Better Communication in Financial Reporting

Better Communication in Financial Reporting

Better Communication in Financial Reporting is an IFRS.org initiative to focus financial reporting on users. There is a general view that financial reports have become too complex and difficult to read and that financial reporting tends to focus more on compliance than communication. See also narrative reporting as a discussion on alternative ways of reporting.

At the same time, users’ tolerance for sifting through information to find what they need continues to decline.

This has implications for the reputation of companies who fail to keep pace. A global study confirmed this trend, with the majority of analysts stating that the quality of reporting directly influenced their opinion of the quality of management.

To demonstrate what companies could do to make their financial report more relevant, there are several suggestions to ‘streamline’ the financial statements to reflect some of the best practices that have been emerging globally over the past few years. In particular:

  • Information is organized to clearly tell the story of financial performance and make critical information more prominent and easier to find.
  • Additional information is included where it is important for an understanding of the performance of the company. For example, we have included a summary of significant transactions and events as the first note to the financial statements even though this is not a required disclosure.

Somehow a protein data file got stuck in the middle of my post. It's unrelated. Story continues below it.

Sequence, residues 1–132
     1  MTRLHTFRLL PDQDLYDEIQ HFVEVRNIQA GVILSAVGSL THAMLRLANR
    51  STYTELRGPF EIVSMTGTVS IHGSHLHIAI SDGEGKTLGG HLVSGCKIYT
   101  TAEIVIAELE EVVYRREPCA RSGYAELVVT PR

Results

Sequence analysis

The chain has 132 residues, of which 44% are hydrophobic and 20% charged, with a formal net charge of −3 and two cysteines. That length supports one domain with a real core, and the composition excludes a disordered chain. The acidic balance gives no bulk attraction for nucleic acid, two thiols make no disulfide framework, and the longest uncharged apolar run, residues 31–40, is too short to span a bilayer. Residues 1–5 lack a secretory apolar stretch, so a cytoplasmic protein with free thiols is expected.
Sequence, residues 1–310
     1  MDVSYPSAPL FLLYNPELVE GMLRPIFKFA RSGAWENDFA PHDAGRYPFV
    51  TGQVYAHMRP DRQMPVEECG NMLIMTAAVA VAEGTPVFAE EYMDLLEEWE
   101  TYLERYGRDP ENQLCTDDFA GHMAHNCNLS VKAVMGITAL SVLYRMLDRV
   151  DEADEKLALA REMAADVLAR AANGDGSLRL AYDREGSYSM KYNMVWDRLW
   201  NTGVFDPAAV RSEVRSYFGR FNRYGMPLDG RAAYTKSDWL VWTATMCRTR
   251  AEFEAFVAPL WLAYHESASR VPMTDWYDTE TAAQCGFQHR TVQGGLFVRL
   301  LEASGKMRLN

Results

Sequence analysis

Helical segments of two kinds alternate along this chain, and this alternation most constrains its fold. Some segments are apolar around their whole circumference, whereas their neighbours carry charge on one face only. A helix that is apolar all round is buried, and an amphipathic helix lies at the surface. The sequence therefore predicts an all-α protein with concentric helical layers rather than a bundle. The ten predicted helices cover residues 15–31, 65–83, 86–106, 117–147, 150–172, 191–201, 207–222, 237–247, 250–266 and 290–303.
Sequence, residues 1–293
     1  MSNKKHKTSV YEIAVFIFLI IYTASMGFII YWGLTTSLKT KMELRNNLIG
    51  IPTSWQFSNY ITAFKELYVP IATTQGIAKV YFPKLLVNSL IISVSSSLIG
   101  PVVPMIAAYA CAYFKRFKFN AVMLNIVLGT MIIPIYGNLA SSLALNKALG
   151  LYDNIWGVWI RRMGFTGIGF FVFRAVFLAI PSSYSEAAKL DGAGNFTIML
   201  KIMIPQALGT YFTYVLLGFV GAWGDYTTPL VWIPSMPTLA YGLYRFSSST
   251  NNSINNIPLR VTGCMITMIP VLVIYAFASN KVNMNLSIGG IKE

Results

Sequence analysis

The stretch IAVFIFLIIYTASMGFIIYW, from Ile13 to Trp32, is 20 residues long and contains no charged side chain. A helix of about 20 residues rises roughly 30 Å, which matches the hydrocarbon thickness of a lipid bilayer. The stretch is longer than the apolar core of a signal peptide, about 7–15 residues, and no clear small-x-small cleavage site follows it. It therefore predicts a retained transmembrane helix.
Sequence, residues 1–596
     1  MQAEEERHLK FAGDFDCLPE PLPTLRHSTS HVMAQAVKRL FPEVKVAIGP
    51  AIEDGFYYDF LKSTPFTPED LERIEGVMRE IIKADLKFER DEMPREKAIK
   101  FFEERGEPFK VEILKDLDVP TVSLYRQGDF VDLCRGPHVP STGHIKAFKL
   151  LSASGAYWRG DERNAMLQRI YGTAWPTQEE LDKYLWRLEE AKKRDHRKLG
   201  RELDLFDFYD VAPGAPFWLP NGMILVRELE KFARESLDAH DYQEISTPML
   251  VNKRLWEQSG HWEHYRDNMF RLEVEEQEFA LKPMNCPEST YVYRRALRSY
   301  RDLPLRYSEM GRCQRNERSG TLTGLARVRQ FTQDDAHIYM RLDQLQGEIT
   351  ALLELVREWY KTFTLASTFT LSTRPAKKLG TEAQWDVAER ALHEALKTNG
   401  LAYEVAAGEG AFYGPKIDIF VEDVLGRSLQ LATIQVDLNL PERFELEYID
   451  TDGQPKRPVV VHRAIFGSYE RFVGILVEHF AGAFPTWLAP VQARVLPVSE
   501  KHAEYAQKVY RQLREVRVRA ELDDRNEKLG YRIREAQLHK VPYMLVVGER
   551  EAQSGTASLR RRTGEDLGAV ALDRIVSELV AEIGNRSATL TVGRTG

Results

Improving disclosure effectiveness

Terms such as ’disclosure overload’ and ‘cutting the clutter’, and more precisely ‘disclosure effectiveness’, describe a problem in financial reporting that has become a priority issue for the International Accounting Standards Board (IASB or Board), local standard setters, and regulatory bodies. The growth and complexity of financial statement disclosure is also drawing significant attention from financial statement preparers, and more importantly, the users of financial statements.

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IAS 8 Best summary policies estimates and errors

IAS 8 Best summary policies estimates and comprises a high level summary of the three items in this standard:

  1. Accounting policies,
  2. Accounting Estimates
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Weighted average number of shares outstanding

The calculation of the weighted average number of shares outstanding itself is not that difficult (see IAS 33 Example 2 or below example). And it is even easier if no changes have taken place in the number/amount of shares issued during the year. The general principle under IAS 33 is that shares should be included in calculating the weighted average number of shares outstanding during a year from the date the consideration is receivable (which in general is the date of the issue of the shares). [IAS 33 21]

Where shares are issued as consideration for the purchase of an asset or the payment of a liability, the shares are included in the calculation of the weighted average … Read more

Dilution

Dilution is a reduction in earnings per share or an increase in loss per share resulting from the assumption that convertible instruments are converted etcetera

Notes to the financial statements

Notes to the financial statements that contain information in addition to the statement of financial position, of financial performance, of changes in equity